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Patients colonized or infected with vancomycin-resistant enterococcus and methicillin-resistant Staphylococcus aureus may be at risk of acquiring vancomycin-resistant S. aureus if the vanA gene is transferred from vancomycin-resistant enterococcus to methicillin-resistant S. aureus..
Our goal was to identify risk factors for cocolonization or coinfection (CC/CI) with vancomycin-resistant enterococcus and methicillin-resistant S. aureus.
We conducted a descriptive, epidemiologic study of all patients with CC/CI identified from January 1998 to May 2003 and a nested case-control study of a cohort of patients hospitalized in the burn and wound unit.
We conducted our study in a 813-bed tertiary care university teaching hospital.
The study population consisted of patients found to have CC/CI during the study period.
Descriptive epidemiologic data were collected from hospital records of all patients identified as having CC/CI. A subset of patients hospitalized in the burn and wound unit were included in a case-control study.
CC/CI was detected in 71% of the patients during a single hospital stay. The burn and wound unit, which does active surveillance for both organisms, and the general medicine unit, which does not do active surveillance for either organism, cared for more than one-half of these patients. Among patients being cared for in the burn and wound unit, having exposure to 2 or more invasive devices (central venous catheters, indwelling urinary catheters, and enteral feeding tubes) and renal insufficiency were independent risk factors for CC/CI.
Patients with CC/CI are the population at greatest risk for vancomycin-resistant S. aureus colonization or infection. The number of invasive devices to which patients are exposed and, thus, possibly the patients' underlying severity of illness, as well as renal insufficiency, appear to be risk factors for CC/CI.
To identify infection control policies and practices used by long-term-care facilities (LTCFs) in Iowa for residents with methicillin-resistant Staphylococcus aureus (MRSA) or vancomycin-resistant enterococci (VRE), and to estimate the prevalence of residents known to have these organisms.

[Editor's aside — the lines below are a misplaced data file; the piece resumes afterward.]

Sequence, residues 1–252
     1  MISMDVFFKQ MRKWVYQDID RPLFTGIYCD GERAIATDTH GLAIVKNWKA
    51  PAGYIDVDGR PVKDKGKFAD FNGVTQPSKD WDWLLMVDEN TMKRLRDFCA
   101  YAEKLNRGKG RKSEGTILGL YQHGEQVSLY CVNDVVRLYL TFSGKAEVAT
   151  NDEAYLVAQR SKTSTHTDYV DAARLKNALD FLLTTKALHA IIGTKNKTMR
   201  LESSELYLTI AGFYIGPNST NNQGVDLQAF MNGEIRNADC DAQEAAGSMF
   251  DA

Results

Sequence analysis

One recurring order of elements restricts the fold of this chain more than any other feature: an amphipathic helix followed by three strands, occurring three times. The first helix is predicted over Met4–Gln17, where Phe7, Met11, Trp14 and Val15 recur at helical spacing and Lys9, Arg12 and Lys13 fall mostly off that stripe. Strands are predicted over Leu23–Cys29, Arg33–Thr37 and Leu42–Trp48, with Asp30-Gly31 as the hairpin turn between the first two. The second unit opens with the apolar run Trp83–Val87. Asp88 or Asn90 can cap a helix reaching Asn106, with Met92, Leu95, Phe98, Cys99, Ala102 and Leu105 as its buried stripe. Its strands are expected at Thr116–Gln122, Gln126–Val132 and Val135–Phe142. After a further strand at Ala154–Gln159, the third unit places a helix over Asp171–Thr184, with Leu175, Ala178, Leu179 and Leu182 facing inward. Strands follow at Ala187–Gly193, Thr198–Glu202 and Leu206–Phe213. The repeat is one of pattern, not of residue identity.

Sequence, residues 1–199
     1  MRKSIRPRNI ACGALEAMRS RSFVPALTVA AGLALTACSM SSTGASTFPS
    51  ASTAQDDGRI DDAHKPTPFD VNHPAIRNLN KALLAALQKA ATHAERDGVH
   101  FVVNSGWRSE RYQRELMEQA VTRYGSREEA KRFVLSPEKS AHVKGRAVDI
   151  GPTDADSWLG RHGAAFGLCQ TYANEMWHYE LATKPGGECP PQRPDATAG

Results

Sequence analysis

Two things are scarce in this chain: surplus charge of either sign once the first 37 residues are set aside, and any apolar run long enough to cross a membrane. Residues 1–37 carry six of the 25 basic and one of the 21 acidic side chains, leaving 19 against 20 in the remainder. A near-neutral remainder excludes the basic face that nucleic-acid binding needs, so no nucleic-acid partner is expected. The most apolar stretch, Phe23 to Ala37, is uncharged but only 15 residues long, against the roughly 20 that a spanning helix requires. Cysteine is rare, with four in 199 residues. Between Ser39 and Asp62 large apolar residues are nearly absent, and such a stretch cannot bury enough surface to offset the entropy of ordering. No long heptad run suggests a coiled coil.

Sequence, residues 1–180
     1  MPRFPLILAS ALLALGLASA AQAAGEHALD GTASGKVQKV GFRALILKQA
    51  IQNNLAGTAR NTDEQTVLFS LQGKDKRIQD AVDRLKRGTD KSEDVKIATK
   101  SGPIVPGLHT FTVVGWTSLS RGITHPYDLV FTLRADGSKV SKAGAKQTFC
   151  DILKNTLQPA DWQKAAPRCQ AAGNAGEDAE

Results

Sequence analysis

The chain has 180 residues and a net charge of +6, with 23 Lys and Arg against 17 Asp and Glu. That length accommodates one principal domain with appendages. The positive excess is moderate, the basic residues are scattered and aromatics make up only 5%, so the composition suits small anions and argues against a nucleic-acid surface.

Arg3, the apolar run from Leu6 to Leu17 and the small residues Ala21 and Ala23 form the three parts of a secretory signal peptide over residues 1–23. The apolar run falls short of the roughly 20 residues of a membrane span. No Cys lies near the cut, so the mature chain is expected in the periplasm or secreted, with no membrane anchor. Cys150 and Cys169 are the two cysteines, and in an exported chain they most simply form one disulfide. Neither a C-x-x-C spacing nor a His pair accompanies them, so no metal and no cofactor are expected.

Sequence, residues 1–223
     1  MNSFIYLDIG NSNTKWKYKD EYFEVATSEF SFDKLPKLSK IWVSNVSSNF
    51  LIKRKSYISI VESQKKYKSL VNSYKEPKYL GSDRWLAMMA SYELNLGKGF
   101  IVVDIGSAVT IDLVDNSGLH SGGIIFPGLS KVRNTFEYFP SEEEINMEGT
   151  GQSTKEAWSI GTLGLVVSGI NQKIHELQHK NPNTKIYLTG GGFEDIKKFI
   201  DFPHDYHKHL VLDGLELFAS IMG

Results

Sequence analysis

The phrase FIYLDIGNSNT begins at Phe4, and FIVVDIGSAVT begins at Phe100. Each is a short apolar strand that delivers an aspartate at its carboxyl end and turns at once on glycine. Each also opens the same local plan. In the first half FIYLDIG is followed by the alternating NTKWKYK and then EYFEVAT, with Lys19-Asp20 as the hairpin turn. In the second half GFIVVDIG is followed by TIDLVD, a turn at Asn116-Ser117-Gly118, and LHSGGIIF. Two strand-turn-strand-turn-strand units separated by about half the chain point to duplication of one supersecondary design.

LTCFs in Iowa from December 2002 through March 2003.
Of the 429 LTCFs in Iowa, 331 (77%) responded to the survey. The estimated prevalence of residents known to have MRSA was 13.4 per 1,000 and that of residents known to have VRE was 2.3 per 1,000. Facilities owned by the government or those with an average of more than 86 occupied beds were more likely to have residents known to have MRSA and VRE (P = .002 and .007, respectively). Of the responding facilities, 7.3% acknowledged that they refused to accept individuals known to have MRSA and 16.9% acknowledged that they refused to accept those known to have VRE. Facilities in large communities (population, > 100,000) were least likely to deny admission to an individual known to have either MRSA or VRE (P = .05). Most facilities reported adhering to the national guidelines, but fewer than half (44.7%) of the respondents had heard of the Iowa Antibiotic Resistance Task Force's guidelines regarding residents with MRSA or VRE.
Many LTCFs in Iowa care for residents known to have MRSA or VRE, but some refuse to admit these individuals. Infection control personnel and public health officials should work together to educate LTCF staff so that residents receive proper care and resistant organisms do not spread within this setting.
Staphylococcus aureus nasal carriage is a risk factor for surgical-site infections (SSIs) caused by S. aureus, and eradication of carriage reduces postoperative nosocomial infections caused by it. No study has compared large groups of preoperative carriers and non-carriers to identify factors that are linked to S. aureus nasal carriage.
While conducting a clinical trial evaluating whether mupirocin prevented S. aureus SSIs, we prospectively collected data on 70 patient characteristics that might be associated with S. aureus carriage. We performed stepwise logistic regression analysis.
Of the 4,030 patients, 891 (22%) carried S. aureus. Independent risk factors for S. aureus nasal carriage were obesity (odds ratio [OR], 1.29; 95% confidence interval [CI95], 1.11-1.50), male gender (OR, 1.29; CI95,1.11-1.51), and a history of a cerebrovascular accident (OR, 1.53; CI95, 1.03-2.25) for all patients. Factors associated with nasal carriage varied somewhat by surgical specialty. In all groups, preoperative use of antimicrobial agents was independently associated with a lower risk of carrying S. aureus in the nares. Previously identified risk factors were not significantly associated with S. aureus nasal carriage in this large group of surgical patients.
Male gender, obesity, and a history of a cerebrovascular accident were identified as risk factors for S. aureus nasal carriage. It remains to be seen whether preoperative weight loss would reduce the rate of nasal carriage. In addition, the value of screening this patient population for S. aureus nasal carriage merits further investigation.
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